Greensill Crisis Exposes Risks of Shadow Banking
Financial Times reported that revolutions in finance have a nasty way of ending badly, especially when they happen at breakneck speed and that the capacity
Financial Times reported that revolutions in finance have a nasty way of ending badly, especially when they happen at breakneck speed and that the capacity of shadow banking to spring more dangerous systemic shocks should not be underestimated. Greensill Capital went from nothing in 2011, when Mr Lex Greensill abandoned a big-bank career, doing global supply chain financing at Morgan Stanley and Citibank, to go it alone. By 2019 this upstart non-bank says it had extended USD 143 billion of financing to 10 million plus customers and suppliers in 175 countries. Its founder also notched up powerful contacts in government and hired former UK Prime Minister Mr David Cameron as an adviser.
In supply chain financing the face of the balance sheet conveys little about the nature of the risks being run. Supply chain financing is just a fancy modern name for the age old practice of factoring whereby suppliers sell at a discount the debts their customers owes them to a financier who collects the full amount in due course. Lex Greensill’s revolutionary innovation was to realise that these debts could be packaged into investment funds, much as the big investment banks turned subprime mortgages into securities before the 2008 financial crisis.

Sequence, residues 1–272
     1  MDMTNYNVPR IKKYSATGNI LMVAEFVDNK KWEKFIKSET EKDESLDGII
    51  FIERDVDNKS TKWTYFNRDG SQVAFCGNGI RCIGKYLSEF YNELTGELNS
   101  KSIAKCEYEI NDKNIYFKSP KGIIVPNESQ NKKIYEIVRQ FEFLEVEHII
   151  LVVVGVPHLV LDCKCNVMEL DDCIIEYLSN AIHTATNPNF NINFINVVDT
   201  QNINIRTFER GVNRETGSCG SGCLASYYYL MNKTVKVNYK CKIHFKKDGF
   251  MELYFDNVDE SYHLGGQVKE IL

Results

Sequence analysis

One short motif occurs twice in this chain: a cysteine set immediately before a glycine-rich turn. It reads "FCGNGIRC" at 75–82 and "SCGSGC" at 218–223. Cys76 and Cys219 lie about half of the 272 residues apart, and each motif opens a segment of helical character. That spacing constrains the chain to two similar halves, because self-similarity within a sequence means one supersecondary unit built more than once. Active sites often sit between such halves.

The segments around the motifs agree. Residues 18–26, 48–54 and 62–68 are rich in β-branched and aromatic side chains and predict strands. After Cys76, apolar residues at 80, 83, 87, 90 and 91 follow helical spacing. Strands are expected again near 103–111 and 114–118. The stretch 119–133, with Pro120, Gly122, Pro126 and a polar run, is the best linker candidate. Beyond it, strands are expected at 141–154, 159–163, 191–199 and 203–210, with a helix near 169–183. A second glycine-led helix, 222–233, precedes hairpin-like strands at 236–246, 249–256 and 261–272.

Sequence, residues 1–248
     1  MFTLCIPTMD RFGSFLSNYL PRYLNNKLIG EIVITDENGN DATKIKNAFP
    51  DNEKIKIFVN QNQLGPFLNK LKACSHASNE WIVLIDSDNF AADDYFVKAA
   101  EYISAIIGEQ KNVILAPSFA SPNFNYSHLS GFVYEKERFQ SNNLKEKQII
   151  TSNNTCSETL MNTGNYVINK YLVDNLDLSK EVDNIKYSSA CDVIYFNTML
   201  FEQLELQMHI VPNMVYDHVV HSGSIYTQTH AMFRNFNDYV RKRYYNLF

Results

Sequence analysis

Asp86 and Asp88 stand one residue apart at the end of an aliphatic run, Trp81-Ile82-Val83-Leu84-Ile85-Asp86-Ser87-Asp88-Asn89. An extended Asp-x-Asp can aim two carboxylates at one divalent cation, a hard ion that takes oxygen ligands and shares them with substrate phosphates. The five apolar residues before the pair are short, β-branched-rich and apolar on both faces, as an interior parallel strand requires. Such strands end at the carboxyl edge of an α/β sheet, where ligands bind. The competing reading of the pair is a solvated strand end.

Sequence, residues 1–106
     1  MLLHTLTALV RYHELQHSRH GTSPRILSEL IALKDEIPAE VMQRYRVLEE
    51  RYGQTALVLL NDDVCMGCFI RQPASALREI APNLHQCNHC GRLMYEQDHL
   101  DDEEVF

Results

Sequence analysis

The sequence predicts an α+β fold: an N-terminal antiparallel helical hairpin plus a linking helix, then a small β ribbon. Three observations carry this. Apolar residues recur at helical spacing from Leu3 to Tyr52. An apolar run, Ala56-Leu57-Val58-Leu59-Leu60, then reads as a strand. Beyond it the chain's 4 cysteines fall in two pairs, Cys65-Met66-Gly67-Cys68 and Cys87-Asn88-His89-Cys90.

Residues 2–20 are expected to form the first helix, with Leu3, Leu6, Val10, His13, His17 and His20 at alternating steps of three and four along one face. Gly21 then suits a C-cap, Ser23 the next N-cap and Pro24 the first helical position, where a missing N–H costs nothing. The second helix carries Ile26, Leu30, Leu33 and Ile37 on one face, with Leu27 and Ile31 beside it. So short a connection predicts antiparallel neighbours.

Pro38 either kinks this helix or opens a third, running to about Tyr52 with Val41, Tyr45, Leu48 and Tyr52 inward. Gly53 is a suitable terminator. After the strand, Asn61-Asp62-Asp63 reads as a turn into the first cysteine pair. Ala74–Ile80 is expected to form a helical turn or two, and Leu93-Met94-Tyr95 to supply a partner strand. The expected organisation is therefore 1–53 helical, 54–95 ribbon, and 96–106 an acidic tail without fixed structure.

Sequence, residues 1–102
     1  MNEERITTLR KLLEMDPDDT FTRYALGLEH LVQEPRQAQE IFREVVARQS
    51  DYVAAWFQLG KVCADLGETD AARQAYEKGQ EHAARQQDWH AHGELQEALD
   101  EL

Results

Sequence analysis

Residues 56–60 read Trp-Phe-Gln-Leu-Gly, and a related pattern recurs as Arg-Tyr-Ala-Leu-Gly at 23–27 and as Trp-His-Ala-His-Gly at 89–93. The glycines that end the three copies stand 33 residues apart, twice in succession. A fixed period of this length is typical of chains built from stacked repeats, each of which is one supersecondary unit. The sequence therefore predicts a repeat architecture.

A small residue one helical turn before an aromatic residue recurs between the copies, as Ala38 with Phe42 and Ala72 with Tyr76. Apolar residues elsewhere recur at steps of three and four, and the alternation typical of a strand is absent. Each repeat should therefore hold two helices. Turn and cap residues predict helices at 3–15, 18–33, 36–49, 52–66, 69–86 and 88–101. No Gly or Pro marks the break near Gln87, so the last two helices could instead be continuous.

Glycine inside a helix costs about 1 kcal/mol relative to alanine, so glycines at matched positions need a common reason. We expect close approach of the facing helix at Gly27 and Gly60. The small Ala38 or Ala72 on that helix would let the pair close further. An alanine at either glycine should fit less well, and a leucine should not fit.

The investors, who were chiefly clients of Credit Suisse Asset Management and fund manager GAM, required Greensill to take out credit insurance to cover the debts. But, unlike the subprime mortgage lenders, Greensill continued to have skin in the game because it was exposed to first losses under an uninsured part of the fund. This insurance was an important safeguard for investors, not least because the portfolio was heavily concentrated. The Scope rating agency estimated in 2019, for example, that two-thirds of the German subsidiary’s loans originated from a single group of linked private companies.